A genetic predisposition to cancer can be identified by the occurrence of cancer at a young age or in multiple closely related family members with the same type of cancer. Hereditary factors are responsible for about 2-3% of new cases of colorectal cancer detected annually. For instance, in Finland, there are roughly 380 extended families in which a gene defect, leading to susceptibility to hereditary non-polyposis colorectal cancer (Lynch Syndrome), has been identified. [7]

Globally, Lynch syndrome is the most common hereditary cancer syndrome, affecting an estimated 30 million people worldwide, with a prevalence of 1 in 279. [8]

Lynch syndrome infographic

Symptoms

Colorectal cancer is almost asymptomatic in its early stages. Typical symptoms are changes in bowel function, new or varying diarrhea or constipation, a feeling that the bowel is not emptying properly, or bowel obstruction. [9]

The tumor’s surface has a rough texture, which causes it to bleed easily. As a result, the stool may contain clear blood or become dark. If the bleeding persists over an extended period, the patient may develop anemia, which causes symptoms such as shortness of breath, paleness, and dizziness.

Occasionally, people may experience general symptoms like weight loss, abdominal pain, and loss of appetite. Symptoms caused by metastases can vary depending on the organ affected. The liver, lungs, and distant lymph nodes are the most common sites of metastases. In such cases, patients may experience mild symptoms or be asymptomatic. [9]

Prognosis

Colorectal cancer is the second most common cause of cancer-related deaths in the Western world although a worldwide population-based study has shown that 5-year relative survival for colorectal cancer seems to be generally higher in high-income countries. [10]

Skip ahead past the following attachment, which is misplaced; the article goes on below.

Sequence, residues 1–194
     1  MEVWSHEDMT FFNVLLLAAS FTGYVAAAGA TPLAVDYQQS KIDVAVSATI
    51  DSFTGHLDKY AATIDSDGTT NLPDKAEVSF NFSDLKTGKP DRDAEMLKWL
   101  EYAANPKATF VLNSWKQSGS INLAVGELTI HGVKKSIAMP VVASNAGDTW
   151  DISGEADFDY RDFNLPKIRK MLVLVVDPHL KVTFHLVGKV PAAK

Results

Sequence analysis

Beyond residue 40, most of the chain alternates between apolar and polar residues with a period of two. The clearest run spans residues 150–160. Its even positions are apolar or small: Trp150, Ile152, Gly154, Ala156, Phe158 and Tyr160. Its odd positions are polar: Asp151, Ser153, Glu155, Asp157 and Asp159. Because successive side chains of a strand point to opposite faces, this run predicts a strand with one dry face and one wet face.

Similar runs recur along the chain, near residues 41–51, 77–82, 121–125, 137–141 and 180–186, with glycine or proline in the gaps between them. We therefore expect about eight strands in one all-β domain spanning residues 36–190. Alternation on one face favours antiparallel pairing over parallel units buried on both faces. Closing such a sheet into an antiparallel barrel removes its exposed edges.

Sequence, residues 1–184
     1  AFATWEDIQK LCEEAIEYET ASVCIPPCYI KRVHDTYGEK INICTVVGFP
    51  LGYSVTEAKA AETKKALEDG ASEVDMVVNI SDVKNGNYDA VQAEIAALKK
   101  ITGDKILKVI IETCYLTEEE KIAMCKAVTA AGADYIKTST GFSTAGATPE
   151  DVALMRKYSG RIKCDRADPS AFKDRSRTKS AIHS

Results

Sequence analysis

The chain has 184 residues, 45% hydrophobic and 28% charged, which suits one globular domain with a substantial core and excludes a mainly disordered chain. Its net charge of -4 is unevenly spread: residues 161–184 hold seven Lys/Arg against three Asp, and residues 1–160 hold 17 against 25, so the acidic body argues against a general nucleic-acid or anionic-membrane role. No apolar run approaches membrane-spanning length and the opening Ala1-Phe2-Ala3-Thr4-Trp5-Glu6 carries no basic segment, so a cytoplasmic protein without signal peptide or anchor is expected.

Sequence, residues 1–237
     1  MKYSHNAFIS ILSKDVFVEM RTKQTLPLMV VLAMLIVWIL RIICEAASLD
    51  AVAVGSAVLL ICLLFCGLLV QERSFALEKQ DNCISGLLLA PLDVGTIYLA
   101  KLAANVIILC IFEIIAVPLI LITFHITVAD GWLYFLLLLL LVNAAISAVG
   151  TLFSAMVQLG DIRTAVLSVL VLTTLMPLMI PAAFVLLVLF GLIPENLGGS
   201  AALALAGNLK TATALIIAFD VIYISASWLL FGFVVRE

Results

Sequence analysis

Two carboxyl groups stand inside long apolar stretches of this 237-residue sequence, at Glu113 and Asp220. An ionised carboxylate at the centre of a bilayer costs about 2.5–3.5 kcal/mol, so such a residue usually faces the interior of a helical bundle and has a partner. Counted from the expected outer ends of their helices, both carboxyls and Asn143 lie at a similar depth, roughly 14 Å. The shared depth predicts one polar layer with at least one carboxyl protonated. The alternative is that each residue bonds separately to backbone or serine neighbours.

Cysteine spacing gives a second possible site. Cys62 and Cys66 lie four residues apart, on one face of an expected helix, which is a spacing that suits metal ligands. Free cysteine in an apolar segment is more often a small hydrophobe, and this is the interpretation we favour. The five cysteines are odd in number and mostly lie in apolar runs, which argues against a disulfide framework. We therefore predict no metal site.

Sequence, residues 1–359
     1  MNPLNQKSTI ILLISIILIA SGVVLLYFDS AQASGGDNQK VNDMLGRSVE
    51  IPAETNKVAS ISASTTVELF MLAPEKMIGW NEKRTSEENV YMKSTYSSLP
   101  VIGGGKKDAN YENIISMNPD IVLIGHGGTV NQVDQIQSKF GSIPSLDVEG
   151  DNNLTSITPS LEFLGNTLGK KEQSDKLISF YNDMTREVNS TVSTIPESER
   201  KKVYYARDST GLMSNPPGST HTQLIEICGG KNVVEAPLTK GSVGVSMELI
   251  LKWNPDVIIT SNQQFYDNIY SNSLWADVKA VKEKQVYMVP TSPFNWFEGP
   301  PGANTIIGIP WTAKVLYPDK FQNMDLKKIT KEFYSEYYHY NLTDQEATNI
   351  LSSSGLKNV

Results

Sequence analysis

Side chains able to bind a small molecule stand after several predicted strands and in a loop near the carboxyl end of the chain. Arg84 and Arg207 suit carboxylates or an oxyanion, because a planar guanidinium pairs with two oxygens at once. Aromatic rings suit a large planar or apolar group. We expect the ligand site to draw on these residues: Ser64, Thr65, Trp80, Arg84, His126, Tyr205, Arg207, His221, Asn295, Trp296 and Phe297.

In the United States, colorectal cancer is the third leading cause of cancer-related deaths in both men and women, and it’s the second most common cause of cancer deaths when numbers for men and women are combined. It’s expected to cause about 52,550 deaths during 2023.

The death rate from colorectal cancer has been decreasing in both men and women for several decades. There are numerous reasons for this positive trend. One of them is that colorectal polyps are now being detected more frequently through screening, and removed before they can develop into cancer. Screening also results in many colorectal cancers being discovered early on when they are more likely to be treatable. Moreover, advances in treatments for colorectal cancer have been made in recent decades. [5]

The outlook for individuals diagnosed with colon cancer largely depends on how far the cancer has spread. For those with early-stage tumors, the chances of recovery are generally positive, and many individuals can be cured through surgery alone or with the help of radiotherapy and/or chemotherapy. However, for those with more advanced cancer, the prognosis is typically less favorable. [9]

Prevention

A healthy lifestyle can prevent cancer by exercising regularly, eating a varied diet with lots of plant-based foods and fiber, and avoiding smoking, excessive drinking, and overexposure to the sun. Regular medical check-ups and participating in cancer screenings can also help in taking better care of oneself.

Colorectal cancer is a type of cancer that is more commonly diagnosed in elderly people. Several lifestyle and environmental factors play a crucial role in increasing the risk of developing this type of cancer. Research has shown that up to 80% of colorectal cancer cases can be prevented or caused by dietary habits.

According to research, it is widely believed that diet plays a significant role in the onset of colorectal cancer, particularly in Western-type diets. In 2007, the World Cancer Research Fund and the American Institute for Cancer Research published a comprehensive global review titled ‘Food, Nutrition, Physical Activity and the Prevention of Cancer’, which supported this notion. The review, which was based on mainly prospective cohort studies, concluded that the consumption of red and processed meat, a high intake of alcoholic beverages, excess body and abdominal fat, and factors that contribute to greater adult attained height or its consequences are all causes of colorectal cancer.